Roughly speaking, `The 60's' only kicked in when the Beatles Landed in America in '64 and ended when the American's landed on the moon five years later. (Were they trying to tell us something?) The so called permissive society emerged from the cultural turbulence of a `swinging London', a `flowered up' San Francisco and a burning Saigon and, as the history books would have it, appeared to challenge everything. Overt sexual, pharmaceutical and political references in entertainment became de rigor and everyone, it seemed, were cutting-edge pioneers at the dawning of the Age of Aquarius. Meanwhile on the other side of the planet, and away from `the world', it was just another day at the office for director Kaneto Shindo when he released his haunting sex/death opus Onibaba.
Onibaba (`Demon Hag') is based on a Buddhist fable and tells the story of an old woman and her young daughter-in-law during 14th century feudal Japan (or 16th, or 17th depending on who's website you use to check these things) who live in a seemingly endless swamp of high reeds and survive by murdering lost or renegade Samurai warriors.
They strip their victims of their armour to sell for food then dispose of the bodies in a deep dark ominous hole.
One day a masked stranger is passing and forces the old woman to help him find his way to Kyoto. She asks him why he hides his face behind a creepy demon-Noh mask and he tells her that he is so beautiful it would blind her to look at him. She tricks him by leading him to the hole where he falls in. Her curiosity gets the better of her and she climbs down into the hole littered with her rotting victims to see the man's `beautiful face' which turns out to be more Robin Williams than Robbie Williams. Disappointed, she takes the mask and uses it to disguise herself as a demon to scare her daughter-in-law away from the door of a man she is having an illicit affair with and who, she believes, will run away and leave her alone to fend for herself. The plan backfires when the mask clings to her face turning her into the demon she pretends to be.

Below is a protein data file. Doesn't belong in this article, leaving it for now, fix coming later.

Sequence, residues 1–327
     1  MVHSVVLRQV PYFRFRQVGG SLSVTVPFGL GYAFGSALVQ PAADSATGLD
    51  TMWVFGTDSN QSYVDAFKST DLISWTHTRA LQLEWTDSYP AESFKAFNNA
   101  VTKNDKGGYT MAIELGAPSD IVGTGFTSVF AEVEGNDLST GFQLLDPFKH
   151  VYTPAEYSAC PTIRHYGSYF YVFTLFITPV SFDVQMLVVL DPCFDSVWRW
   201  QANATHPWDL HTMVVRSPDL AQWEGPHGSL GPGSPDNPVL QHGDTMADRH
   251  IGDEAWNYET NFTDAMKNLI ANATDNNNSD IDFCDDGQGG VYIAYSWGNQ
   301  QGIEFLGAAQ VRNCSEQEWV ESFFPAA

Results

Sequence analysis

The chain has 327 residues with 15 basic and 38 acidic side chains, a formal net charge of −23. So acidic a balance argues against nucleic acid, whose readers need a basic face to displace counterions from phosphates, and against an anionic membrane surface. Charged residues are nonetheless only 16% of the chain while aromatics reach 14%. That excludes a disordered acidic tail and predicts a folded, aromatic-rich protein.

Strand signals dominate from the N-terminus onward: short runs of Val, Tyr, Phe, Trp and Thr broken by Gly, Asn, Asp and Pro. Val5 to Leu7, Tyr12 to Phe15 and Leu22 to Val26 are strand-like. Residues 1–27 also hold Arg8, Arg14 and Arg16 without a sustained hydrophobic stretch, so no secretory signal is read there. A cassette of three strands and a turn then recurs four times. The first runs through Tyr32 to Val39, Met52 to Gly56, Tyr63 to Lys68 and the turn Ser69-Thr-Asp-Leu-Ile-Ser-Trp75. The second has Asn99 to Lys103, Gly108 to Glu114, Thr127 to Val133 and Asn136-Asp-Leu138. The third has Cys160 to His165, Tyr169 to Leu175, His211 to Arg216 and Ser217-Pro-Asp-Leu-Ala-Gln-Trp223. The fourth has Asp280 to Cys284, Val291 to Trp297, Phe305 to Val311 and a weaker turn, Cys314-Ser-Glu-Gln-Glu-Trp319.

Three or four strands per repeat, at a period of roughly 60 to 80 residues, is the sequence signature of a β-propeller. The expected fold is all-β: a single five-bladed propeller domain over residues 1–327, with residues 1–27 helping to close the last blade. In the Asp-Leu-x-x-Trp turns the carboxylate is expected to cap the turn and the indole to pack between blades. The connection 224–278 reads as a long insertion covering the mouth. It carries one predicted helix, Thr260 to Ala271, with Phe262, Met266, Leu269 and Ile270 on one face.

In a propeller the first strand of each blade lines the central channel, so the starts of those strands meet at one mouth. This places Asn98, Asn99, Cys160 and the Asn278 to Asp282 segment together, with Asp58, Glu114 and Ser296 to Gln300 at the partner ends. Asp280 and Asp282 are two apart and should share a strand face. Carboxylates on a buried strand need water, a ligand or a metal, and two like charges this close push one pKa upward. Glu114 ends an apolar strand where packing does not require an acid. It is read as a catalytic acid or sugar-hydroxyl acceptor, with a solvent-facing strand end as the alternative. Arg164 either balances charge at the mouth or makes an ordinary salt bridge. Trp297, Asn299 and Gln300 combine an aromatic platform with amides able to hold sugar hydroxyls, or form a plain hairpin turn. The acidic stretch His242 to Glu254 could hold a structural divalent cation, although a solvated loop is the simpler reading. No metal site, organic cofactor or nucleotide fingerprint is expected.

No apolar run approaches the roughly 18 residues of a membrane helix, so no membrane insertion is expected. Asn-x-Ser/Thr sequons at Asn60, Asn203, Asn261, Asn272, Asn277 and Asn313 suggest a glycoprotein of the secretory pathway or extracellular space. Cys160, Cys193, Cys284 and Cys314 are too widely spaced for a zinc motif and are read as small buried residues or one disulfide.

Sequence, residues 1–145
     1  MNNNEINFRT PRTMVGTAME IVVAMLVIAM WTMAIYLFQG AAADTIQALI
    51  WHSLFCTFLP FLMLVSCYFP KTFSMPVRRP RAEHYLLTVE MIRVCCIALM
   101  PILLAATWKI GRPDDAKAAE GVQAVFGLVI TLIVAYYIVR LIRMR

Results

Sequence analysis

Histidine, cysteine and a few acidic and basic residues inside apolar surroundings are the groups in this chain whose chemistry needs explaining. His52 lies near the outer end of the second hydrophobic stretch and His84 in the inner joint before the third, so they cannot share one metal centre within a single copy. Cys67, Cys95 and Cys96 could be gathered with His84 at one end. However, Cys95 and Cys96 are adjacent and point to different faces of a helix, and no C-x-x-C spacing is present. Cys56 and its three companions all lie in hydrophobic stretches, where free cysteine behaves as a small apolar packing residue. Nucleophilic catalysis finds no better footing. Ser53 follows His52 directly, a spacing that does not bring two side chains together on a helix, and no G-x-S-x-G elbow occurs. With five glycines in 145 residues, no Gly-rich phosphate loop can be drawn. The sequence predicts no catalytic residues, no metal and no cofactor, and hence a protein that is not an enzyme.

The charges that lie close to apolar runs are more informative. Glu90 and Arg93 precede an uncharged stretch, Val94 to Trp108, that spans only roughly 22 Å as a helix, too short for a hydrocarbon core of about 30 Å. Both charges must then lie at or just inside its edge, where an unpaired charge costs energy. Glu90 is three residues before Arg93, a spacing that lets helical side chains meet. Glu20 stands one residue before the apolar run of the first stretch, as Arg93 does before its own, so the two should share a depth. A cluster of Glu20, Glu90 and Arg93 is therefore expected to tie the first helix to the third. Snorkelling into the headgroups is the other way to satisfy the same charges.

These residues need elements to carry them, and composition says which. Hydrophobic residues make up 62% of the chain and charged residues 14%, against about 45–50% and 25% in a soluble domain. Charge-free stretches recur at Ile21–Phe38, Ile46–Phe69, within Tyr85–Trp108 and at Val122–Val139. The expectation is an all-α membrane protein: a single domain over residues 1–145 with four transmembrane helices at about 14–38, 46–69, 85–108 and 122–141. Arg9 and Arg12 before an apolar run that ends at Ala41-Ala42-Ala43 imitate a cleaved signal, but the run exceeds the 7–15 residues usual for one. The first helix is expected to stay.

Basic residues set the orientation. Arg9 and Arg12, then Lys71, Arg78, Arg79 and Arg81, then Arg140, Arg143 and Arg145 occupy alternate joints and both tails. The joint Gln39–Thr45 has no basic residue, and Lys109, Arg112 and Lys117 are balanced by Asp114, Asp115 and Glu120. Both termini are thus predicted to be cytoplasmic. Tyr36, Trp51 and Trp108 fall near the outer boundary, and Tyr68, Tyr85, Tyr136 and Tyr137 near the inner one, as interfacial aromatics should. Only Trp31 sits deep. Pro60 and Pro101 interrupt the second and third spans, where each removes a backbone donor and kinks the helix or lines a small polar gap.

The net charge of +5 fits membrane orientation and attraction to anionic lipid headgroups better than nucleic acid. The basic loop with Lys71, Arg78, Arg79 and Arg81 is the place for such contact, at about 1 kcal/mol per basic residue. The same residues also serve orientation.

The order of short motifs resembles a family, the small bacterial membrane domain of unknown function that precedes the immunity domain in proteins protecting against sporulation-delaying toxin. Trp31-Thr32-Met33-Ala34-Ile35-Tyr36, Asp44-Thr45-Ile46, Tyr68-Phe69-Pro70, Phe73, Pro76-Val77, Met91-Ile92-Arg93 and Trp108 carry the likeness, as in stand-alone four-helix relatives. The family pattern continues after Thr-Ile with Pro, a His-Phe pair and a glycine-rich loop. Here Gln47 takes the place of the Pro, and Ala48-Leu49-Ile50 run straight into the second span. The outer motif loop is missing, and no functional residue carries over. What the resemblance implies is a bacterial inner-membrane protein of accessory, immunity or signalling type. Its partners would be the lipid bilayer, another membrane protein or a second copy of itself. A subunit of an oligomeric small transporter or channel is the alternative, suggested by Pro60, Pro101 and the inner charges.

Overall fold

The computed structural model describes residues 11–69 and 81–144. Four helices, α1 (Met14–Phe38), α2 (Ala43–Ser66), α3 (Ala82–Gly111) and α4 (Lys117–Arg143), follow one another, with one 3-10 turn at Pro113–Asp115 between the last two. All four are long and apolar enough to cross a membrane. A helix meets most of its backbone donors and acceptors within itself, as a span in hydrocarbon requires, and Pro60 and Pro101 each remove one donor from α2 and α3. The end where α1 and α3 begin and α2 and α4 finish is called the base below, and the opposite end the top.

The hole is the key element here and is a constant presence throughout the film and seems to represent both the womb and the crypt; the entrance at which life and death pass each other to and from this world and the next. The old woman's desperate venture into the hole for a glimpse of beauty mirrors her hope that perhaps there is still some vestige of beauty within her. Her discovery reveals there isn't, thus setting in motion her `girl who cried demon' comeuppance.
Onibaba's psychosexual symbolism and nudity is treated in an offhand manner, unlike western movies of the period which would, if only they could, have turned this into the films primary selling point. Onibaba rendered the `progressive free West' way behind the game in terms of what was `happening' in an age where taboos were supposed to have been broken every ten minutes. Onibaba was immediately banned on its release in the U.K and only given an `X' certificate in 1968 with cuts. It would be 1994 before we were considered grown up enough to see the uncut version. So much for the `let it all hang out' generation's brave new world.
Most recent customer reviews
Rating = ****
Director: Kaneto Shindou
Film = four (4)...Read more